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Collaboration between leading leisure marine associations continues with clarification on post-Brexit certification requirement

Published on: 06 May 2021

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Following the successful cooperation on VAT and customs on 6 May 2021, the leading European, British,  and international leisure marine associations continue to provide clarity on the new post-Brexit trade relationships.  

The International Council of Marine Industry Associations (ICOMIA), European Boating Industry (EBI), European Boating Association (EBA), British Marine (BM) and the Royal Yachting Association (RYA) now issue a clarification on certification requirements for second-hand boatsin trade between the EU  and UK post-Brexit.  

In dialogue with the EU and UK authorities, the key questions were raised, and clarification received. EBI has been liaising with the European Commission and BM has taken the lead with the Department  for Business, Energy and Industrial Strategy (BEIS). The scenarios have been confirmed by BEIS and are understood to be correct based on guidance by the European Commission. 

Below are the scenarios for second-hand boats that are covered by the EU’s Recreational Craft  Directive and the UK’s Recreational Craft Regulations. In cases where recertification would be  required, a Post-Construction Assessment (PCA) will have to be completed. This applies from the end  of the transition period (TP) on 1 January 2021.

Scenario Situation in 2021   Situation in 2022

Scenario 1

  • Boat in GB at end of TP CE-marked
  • CE-marked
  • Sold in GB
  • Remains in GB

 Would not need to be re-certified

Would not need to be re-certified

Scenario 2

  • Boat in GB at end of TP
  • CE-marked
  • Imported to EU27E

 Would need to be re-certified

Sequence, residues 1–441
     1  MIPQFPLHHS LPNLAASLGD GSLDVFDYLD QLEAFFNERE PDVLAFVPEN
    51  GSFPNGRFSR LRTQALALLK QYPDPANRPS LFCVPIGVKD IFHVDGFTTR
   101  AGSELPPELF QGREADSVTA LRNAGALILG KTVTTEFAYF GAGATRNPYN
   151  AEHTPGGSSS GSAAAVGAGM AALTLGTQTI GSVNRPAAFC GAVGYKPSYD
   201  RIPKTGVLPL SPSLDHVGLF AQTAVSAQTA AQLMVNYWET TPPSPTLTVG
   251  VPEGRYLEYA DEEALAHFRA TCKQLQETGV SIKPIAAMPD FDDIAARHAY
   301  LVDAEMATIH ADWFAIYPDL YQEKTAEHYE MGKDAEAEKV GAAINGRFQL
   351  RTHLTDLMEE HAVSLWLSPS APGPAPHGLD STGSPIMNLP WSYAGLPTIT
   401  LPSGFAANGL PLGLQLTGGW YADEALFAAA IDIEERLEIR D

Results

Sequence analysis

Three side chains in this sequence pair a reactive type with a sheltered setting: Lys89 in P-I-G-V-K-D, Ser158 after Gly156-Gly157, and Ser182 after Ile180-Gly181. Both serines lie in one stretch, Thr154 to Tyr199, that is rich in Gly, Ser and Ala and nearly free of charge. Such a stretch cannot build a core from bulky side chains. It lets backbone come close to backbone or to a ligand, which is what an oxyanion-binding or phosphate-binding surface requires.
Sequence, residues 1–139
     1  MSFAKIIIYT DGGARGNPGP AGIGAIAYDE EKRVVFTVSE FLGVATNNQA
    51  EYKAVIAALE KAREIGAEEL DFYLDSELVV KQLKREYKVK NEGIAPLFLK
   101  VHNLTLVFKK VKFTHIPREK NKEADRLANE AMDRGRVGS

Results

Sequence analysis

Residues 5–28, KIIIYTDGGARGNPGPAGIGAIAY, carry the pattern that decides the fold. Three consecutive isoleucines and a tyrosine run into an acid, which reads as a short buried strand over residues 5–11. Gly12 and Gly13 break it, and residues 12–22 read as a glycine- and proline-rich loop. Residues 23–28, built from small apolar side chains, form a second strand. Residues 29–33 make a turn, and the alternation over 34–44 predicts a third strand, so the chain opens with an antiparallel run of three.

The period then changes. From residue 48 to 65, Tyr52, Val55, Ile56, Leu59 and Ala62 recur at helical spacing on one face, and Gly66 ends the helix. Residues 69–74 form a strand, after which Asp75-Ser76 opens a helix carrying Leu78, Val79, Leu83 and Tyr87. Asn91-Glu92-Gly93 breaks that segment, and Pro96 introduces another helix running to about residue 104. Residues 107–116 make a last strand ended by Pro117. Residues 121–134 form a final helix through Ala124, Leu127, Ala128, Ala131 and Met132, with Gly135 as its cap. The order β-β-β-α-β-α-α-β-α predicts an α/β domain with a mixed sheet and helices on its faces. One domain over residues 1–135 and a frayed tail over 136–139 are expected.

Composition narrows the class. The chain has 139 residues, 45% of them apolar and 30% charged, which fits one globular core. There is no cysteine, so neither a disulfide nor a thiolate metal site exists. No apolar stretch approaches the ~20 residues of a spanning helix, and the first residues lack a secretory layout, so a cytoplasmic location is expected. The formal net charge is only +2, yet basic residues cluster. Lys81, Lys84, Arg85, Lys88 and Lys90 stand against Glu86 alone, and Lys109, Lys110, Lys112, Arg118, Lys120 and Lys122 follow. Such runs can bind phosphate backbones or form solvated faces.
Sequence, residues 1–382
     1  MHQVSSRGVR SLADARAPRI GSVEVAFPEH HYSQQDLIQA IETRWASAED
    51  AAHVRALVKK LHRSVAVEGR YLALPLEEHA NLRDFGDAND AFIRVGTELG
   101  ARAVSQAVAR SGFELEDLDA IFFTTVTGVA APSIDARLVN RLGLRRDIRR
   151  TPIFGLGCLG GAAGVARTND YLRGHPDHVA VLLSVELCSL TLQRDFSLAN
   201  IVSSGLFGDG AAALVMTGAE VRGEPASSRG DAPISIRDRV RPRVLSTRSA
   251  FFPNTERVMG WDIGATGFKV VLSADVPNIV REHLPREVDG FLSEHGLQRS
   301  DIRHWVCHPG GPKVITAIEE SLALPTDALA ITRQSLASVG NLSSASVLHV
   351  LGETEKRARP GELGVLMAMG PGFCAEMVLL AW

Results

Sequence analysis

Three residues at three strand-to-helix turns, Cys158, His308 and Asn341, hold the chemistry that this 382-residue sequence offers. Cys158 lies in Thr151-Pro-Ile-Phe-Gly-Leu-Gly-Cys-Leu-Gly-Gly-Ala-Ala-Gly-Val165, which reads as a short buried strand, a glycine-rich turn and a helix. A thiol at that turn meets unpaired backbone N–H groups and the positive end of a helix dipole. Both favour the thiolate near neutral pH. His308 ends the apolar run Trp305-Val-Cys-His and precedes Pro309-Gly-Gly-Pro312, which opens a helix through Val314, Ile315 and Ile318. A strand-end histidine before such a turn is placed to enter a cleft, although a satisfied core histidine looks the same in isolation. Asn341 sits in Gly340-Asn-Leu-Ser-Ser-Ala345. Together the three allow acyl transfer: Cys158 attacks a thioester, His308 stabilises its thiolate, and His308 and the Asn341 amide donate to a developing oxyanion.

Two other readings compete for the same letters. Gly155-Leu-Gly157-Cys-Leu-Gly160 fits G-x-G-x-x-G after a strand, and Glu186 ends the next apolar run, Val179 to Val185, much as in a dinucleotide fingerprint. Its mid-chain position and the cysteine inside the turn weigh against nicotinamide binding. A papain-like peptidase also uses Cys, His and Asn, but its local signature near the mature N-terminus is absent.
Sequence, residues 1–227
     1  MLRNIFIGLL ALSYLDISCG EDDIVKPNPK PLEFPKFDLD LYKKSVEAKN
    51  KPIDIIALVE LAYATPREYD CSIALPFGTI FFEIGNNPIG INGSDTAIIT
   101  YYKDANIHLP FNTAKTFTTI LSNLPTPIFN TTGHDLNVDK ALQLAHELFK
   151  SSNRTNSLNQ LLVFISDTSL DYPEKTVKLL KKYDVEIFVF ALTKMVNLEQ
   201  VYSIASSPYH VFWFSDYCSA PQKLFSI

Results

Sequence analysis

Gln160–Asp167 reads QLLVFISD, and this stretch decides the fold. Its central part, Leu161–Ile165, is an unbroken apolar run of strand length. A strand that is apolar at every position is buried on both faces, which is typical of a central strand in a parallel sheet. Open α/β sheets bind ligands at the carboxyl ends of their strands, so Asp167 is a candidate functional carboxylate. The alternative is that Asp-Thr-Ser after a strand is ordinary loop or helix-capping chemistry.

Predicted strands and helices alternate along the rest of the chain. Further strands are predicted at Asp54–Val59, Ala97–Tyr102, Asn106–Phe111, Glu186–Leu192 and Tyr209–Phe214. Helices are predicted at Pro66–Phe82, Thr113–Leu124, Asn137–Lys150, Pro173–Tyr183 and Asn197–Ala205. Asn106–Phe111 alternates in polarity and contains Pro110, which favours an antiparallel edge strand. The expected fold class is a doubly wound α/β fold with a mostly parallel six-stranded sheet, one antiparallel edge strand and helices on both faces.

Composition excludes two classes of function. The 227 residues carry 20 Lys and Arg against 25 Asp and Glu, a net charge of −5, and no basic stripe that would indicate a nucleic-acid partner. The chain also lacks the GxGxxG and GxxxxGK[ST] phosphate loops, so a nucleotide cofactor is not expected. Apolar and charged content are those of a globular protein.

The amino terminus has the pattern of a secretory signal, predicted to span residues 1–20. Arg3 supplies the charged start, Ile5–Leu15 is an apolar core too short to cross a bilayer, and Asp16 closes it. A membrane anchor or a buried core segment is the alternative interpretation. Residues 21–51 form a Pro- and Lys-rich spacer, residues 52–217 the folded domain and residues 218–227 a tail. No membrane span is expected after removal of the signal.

Would need to be re-certified

Scenario 3

  • Boat in EU27 at end of TP
  • CE-marked
  • Sold in EU27
  • Remains in EU27

 Would not need to be re-certified

 Would not need to be re-certified

Scenario 4

  • Boat in EU27 at end of TP
  • CE-marked
  • Imported to GB
  • In EU27 as at TPE

Would not need to be re-certified

Would need to be re-certified

Scenario 5

  • First sale in EU-27 (not GB market), (CE-marked, bought by EU citizen, registered, and used in EU)
  • Second sale to GB before 1 January 2021
  • Subsequent sale back to EU

Would not need to be re-certified (but proof required by national authorities)

Would not need to be re-certified (but proof required by national authorities)

Further clarifications are being sought from BEIS and the European Commission related to trading with Northern Ireland. 

Commenting, Philip Easthill, Secretary-General of EBI, says; “We are delighted to continue the positive cooperation on another important issue for industry and boaters. We hope that despite the additional barriers for second-hand boats, the clarification on VAT and now certification will facilitate trade as much as possible. Together with our partners, we will continue to work on mitigating the impact of  Brexit through our advocacy channels at the EU level.” 

Lesley Robinson, CEO of British Marine, adds; “I am pleased that this collaborative approach between marine industry associations and governments has proved effective in receiving timely responses for our members. Whilst the agreed guidance approved by both BEIS and the EU Commission offers boat builders, brokers and consumers the clarity and reassurance required to proceed with trade, they still face impacts in terms of both time and cost when selling and buying second-hand boats across borders. On behalf of our members, British Marine will now look to work with UK government at the reduction  or removal of these new burdens.” 

Patrick Hemp, Technical Consultant of ICOMIA, added; “We are aware that the obligation to re-certify CE-marked second-hand boats, which were in Great Britain at the end of the transition period and then subsequently imported into the European Union, will come as a surprise to many within our sector but we hope that the continued collaboration between the marine industry associations  provides further clarity on the different requirements within the new trade relationship.

Any questions can be directed to the relevant leisure marine representative body via the details below: 
 

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